UA Student Films on Justice, Injustice in Alabama to Debut at Screening
TUSCALOOSA, Ala. – The Center for Ethics & Social Responsibility and department of telecommunication and film at The University of Alabama will host the fourth annual Documenting Justice film screening Tuesday, April 27, at 7 p.m. at the Bama Theatre in downtown Tuscaloosa.
The short documentaries that will premiere were created by non-film majors who dedicated a year to learning how to document and analyze culture and social experience – and communicate about issues of justice and injustice in Alabama – through videography.
The screening is free and open to the public; it will consist of five films exploring:
- Circumstances surrounding the sentencing of juvenile offenders to life without parole, and the question of whether punishment ever goes too far;
- A small community in rural Alabama where 10 individuals rethink the American Dream and find just what they need for a life well-lived;
- Perceptions of safety, community and development in two neighborhoods living side by side, but separated by a barbed-wire fence;
- The small town of Brilliant, Ala., where two high school seniors think about the future and whether they will stay or leave their hometown; and
- The physician shortage in rural Alabama and difficulties in doctor recruitment, specifically in Wilcox County, where there is one physician for every 4,667 people.
“Ethical citizenship requires a strong sense of empathy and compassion,” said Stephen Black, CESR director. “Developing such qualities requires the ability to imagine what others see, feel and experience. A central focus of CESR, therefore, is the development of courses such as Documenting Justice in which students learn the personal stories of people outside their immediate sphere.”
Working in pairs, 10 undergraduate and graduate students produced the documentaries as part of a nationally unique, two-semester course taught by an award-winning group of filmmakers. The University has offered the Documenting Justice course since 2006.
“Each year we have an exceptional group of students, and I’m continuously impressed with their abilities, their wide ranging topic ideas and interests, and their commitment to storytelling,” said Andy Grace, Documenting Justice director. “This is the fourth year of the class, and I feel like we haven’t even scratched the surface of all the important, interesting and unique stories throughout Alabama.”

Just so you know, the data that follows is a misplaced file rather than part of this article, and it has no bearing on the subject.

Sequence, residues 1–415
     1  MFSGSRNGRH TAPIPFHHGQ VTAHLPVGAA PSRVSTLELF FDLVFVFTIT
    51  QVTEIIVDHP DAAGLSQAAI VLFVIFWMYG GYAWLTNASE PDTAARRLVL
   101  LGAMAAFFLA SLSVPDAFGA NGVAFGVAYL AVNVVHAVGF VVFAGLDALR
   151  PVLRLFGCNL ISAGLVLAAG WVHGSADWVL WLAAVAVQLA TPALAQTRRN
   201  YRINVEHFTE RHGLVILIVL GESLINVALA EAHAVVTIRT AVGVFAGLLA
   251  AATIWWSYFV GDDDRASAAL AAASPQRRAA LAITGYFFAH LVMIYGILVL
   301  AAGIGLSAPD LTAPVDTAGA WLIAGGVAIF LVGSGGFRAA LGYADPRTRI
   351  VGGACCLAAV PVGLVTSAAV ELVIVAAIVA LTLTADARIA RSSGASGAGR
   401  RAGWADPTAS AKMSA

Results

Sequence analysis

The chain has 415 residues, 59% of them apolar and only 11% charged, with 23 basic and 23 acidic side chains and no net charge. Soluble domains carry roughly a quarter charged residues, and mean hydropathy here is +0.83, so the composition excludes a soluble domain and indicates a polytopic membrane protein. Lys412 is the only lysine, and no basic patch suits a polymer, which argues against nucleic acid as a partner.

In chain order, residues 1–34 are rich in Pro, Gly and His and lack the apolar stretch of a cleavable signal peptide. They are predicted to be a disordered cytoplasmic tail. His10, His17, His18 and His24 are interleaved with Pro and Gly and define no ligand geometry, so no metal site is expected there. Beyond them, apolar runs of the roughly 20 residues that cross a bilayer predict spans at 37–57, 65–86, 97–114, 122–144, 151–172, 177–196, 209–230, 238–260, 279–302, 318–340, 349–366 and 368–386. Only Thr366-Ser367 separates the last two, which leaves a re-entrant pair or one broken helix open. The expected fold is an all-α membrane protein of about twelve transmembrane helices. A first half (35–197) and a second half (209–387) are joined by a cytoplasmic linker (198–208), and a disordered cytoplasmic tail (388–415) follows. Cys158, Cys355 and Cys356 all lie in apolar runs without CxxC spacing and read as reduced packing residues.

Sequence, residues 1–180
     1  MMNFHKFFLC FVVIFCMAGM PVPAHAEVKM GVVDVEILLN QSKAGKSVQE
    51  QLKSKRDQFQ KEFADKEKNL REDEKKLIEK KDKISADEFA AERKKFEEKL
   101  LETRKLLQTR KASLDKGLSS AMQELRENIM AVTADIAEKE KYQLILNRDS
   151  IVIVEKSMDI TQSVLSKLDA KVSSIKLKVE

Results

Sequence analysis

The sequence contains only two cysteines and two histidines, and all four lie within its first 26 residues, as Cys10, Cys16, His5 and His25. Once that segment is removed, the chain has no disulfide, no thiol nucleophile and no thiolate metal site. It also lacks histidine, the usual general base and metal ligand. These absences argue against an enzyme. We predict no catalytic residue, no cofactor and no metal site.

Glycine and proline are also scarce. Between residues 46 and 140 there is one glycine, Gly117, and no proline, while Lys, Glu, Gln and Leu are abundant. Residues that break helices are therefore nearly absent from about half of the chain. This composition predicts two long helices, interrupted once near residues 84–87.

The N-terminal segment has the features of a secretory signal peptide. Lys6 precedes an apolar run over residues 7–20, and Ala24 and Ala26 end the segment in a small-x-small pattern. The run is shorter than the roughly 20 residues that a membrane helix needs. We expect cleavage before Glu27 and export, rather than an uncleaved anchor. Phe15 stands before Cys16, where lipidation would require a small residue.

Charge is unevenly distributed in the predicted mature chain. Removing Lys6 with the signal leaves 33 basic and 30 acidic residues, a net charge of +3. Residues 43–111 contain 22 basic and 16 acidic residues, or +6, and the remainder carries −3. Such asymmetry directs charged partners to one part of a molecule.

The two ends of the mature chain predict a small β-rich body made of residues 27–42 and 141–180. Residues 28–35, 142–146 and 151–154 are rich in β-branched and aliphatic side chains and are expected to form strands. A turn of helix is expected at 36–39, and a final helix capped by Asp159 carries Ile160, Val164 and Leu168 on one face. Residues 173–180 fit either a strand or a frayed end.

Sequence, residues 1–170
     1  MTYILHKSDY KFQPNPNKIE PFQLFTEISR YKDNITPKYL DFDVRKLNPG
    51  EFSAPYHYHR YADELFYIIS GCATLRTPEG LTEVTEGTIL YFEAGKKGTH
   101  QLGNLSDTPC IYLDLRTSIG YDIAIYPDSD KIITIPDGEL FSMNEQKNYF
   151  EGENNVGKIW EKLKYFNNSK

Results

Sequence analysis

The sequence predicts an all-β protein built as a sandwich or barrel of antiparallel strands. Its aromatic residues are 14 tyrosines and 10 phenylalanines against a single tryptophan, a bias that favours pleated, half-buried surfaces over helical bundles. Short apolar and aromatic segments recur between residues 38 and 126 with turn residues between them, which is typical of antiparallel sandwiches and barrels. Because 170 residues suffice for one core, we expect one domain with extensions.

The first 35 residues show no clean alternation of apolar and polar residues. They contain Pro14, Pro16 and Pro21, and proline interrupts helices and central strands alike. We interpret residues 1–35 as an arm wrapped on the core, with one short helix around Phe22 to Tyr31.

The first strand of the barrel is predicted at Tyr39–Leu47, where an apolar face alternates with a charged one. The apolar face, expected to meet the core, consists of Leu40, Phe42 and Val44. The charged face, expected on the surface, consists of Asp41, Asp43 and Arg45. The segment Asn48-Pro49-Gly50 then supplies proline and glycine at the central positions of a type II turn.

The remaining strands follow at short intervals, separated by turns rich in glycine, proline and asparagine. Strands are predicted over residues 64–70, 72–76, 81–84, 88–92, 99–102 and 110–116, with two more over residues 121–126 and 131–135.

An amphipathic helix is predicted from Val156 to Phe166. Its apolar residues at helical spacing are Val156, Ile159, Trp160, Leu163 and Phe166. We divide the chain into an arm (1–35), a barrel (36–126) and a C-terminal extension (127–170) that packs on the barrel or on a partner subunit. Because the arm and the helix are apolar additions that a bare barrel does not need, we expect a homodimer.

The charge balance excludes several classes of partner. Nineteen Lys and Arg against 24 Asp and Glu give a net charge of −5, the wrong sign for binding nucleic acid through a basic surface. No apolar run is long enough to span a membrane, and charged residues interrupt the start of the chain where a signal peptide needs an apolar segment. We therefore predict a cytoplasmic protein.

Documenting Justice is a signature initiative of CESR. Past Documenting Justice films have been featured in film festivals, and several have won awards. “Storybook,” a film by 2007-2008 students Kristian Collins and Stephen Lovell that examined the challenges of parenting from prison, was selected for inclusion in the 2009 Undergraduate Ethics Symposium held at DePauw University.
To learn more about Documenting Justice and other CESR initiatives, visit www.cesr.ua.edu
Created in 2005, CESR established university-wide programming supporting the development of projects that nurture social responsibility and reflective, thoughtful citizenship. CESR staff develop – and assist faculty members in developing – service-learning courses that engage community organizations in partnerships designed to both enhance academic goals and apply scholarly learning to salient community issues.
The University of Alabama, a student-centered research university, is experiencing significant growth in both enrollment and academic quality. This growth, which is positively impacting the campus and the state's economy, is in keeping with UA's vision to be the university of choice for the best and brightest students. UA, the state's flagship university, is an academic community united in its commitment to enhancing the quality of life for all Alabamians.
CONTACT: Amanda Aviles or Linda Hill, media relations, 205/348-8235, email@example.com
SOURCE: Stephen Black, CESR, 205/348-6490, firstname.lastname@example.org, Andy Grace, department of telecommunication and film, 205/348-8245, email@example.com